The three insertion-based models described in Section 3 are compared to the baseline. For parameters with these models, we followed the Transformer recipe of ESPnet [28] based on [15]. The numbers of layers for the encoder and decoder were 12 and 6, respectively. We increased the number of encoder layers to 18 for CTC and KERMIT because they are composed of only an encoder. We focused on two types of priors, left-to-right (L2R) and balanced binary tree (BBT) for in Eq. (4) to simplify the comparison. L2R is evaluated in order to see if there is a performance difference to AT from explicit modeling of the insertion position of tokens. BBT is chosen because it can decode an length sequence with empirically

iterations. In training with the BBT prior, we increased the number of epochs from 50 to 300 because only a single step of the output token sequence generation is trained in one minibatch while with the L2R prior we can train the whole sequence generation.

Since our insertion-based models do not have a beam search algorithm, we mainly compare the L2R-prior insertion-based models with AT (beam=1) and the BBT-prior insertion-based models with CTC (beam=1).

5.2 Results

First, the results of AT and insertion-based models with the L2R prior are shown in the upper part of Table 1. When compared to AT without beam search, the performance of insertion-based models trained with the CTC objective is mostly better except for the eval2 set of CSJ.

Next, the models with the BBT prior are compared in the lower part of Table 1. These are non-autoregressive models hence performance is first compared to CTC. Unfortunately, Insertion Transformer with the BBT prior cannot compete with CTC even with hybrid training with CTC. KERMIT with joint training with CTC, which is a new formulation introduced in Section 4, achieved better performance than CTC on CSJ and TEDLIUM2. Notably, it achieved better performance in a non-autoregressive manner than AT without beam search on several test sets highlighted by underlined numbers in Table 1.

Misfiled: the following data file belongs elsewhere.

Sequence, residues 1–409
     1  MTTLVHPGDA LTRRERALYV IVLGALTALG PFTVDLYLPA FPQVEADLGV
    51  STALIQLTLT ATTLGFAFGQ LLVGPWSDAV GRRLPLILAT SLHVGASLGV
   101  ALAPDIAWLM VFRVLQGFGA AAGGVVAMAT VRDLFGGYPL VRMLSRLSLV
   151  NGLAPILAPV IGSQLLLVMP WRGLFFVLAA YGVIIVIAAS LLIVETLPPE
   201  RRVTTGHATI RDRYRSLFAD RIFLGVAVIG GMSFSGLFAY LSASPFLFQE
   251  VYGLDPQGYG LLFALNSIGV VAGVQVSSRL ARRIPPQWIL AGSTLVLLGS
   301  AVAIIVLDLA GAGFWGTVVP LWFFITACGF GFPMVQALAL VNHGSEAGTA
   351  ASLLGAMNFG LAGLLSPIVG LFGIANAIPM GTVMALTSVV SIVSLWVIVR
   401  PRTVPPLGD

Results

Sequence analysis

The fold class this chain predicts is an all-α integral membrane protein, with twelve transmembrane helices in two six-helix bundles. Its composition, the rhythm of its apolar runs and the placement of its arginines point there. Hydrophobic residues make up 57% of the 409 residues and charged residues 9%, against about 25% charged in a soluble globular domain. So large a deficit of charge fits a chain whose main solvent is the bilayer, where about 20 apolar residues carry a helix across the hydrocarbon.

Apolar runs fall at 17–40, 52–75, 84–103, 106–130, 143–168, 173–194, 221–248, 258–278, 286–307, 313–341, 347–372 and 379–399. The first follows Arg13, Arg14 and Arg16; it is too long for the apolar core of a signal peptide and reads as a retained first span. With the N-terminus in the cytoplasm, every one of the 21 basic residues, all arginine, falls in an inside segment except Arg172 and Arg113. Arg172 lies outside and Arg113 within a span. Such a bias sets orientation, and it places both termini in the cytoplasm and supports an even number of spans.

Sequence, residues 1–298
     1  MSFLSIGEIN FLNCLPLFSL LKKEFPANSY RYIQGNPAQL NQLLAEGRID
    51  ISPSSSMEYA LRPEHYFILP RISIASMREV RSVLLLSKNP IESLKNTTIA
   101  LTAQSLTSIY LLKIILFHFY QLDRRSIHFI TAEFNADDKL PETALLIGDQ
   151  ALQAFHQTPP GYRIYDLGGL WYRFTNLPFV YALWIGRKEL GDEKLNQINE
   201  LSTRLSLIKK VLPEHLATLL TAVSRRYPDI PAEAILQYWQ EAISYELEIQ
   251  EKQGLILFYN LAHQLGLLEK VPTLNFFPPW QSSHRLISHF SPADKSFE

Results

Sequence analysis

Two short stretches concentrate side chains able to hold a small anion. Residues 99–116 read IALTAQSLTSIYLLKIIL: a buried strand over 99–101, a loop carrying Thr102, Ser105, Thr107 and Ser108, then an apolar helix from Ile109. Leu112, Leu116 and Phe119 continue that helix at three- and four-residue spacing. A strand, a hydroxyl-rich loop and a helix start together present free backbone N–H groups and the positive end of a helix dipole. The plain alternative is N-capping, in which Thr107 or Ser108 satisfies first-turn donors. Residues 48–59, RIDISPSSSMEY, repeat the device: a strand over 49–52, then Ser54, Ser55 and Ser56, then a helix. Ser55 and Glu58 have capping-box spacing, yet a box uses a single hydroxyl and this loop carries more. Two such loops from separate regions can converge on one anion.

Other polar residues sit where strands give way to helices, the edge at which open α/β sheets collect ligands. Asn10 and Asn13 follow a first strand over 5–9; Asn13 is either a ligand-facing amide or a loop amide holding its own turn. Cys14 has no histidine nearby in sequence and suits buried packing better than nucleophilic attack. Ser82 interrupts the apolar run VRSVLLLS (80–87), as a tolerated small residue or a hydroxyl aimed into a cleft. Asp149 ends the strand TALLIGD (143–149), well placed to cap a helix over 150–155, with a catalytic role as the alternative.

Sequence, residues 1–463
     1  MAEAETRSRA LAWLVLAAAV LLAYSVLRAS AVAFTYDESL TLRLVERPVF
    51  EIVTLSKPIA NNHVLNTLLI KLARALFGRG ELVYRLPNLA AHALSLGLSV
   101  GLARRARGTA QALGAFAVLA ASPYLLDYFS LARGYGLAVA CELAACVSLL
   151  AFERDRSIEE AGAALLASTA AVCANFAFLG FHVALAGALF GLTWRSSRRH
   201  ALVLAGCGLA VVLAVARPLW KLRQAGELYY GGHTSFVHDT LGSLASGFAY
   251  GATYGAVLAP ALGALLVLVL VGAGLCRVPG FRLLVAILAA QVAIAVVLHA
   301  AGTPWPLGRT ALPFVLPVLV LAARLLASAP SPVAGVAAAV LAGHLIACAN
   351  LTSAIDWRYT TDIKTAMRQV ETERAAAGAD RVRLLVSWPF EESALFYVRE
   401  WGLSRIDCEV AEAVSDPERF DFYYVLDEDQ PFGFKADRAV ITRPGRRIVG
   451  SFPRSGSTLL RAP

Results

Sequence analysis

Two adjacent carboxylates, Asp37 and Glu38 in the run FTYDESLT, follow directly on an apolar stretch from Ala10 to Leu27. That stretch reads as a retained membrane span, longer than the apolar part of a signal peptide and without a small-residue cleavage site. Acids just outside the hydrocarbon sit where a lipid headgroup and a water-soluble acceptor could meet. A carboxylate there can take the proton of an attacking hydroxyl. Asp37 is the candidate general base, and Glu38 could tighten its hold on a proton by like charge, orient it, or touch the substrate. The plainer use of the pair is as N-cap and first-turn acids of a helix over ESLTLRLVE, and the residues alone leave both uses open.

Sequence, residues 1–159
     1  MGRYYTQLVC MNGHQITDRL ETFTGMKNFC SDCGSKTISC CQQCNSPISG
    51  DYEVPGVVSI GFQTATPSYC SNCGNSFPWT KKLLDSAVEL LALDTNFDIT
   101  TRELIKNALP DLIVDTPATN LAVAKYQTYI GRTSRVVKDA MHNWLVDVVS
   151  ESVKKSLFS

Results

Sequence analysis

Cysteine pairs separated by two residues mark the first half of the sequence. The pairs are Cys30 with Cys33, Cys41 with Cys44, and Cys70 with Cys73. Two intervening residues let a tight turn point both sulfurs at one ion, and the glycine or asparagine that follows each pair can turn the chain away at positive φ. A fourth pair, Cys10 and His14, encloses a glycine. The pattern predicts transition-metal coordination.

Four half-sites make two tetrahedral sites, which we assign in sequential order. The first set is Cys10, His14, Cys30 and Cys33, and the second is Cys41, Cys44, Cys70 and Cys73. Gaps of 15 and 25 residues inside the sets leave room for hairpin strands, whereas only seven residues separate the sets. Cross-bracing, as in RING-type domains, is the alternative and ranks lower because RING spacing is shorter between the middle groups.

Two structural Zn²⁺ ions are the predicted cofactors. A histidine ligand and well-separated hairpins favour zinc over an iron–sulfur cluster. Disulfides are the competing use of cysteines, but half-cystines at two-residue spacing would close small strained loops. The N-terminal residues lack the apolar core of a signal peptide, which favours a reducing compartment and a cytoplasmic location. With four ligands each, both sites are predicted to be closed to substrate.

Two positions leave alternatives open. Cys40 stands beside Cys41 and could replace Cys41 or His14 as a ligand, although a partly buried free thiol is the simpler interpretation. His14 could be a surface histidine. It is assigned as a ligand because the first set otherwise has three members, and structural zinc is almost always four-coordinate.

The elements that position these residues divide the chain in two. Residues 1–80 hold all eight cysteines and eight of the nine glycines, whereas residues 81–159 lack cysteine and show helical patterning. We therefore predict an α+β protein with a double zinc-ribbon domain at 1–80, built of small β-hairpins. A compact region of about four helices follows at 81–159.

5.3 Discussion

One of the remarks we got from the experiments of the L2R prior is that explicit modeling of the position of an output token and hybrid training with the CTC objective worked complementarily and the quality of a hypothesis in decoding was improved.

Another remark is that when the BBT prior is used, the new formulation of joint training with CTC introduced in this paper seems to make use of both benefits of left-to-right and non-left-to-right generation orders at least on CSJ and TEDLIUM2. However, the performance of the BBT prior on AISHELL was not as good as CTC. In this case, the performance of CTC is close to that of AT unlike the other tasks, and the effectiveness of the generation order may depend on the language or task.

6 Conclusions

This paper proposes applying three insertion-based models, originally proposed for NMT, to ASR tasks. In addition, we introduce a new formulation for joint training of the insertion-based model and CTC. Our experiments show that InDIGO and Insertion Transformer trained with the L2R prior achieved comparable or better performance than autoregressive Transformer without beam search. Models trained with the BBT prior and the proposed formulation, which retains non-autoregressive characteristics, achieved better performance than CTC and competitive with autoregressive Transformer without beam search on CSJ and TEDLIUM2 but was not effective on AISHELL. Therefore, we will investigate more solid use of insertion-based models including an extension of decoding algorithm with beam search.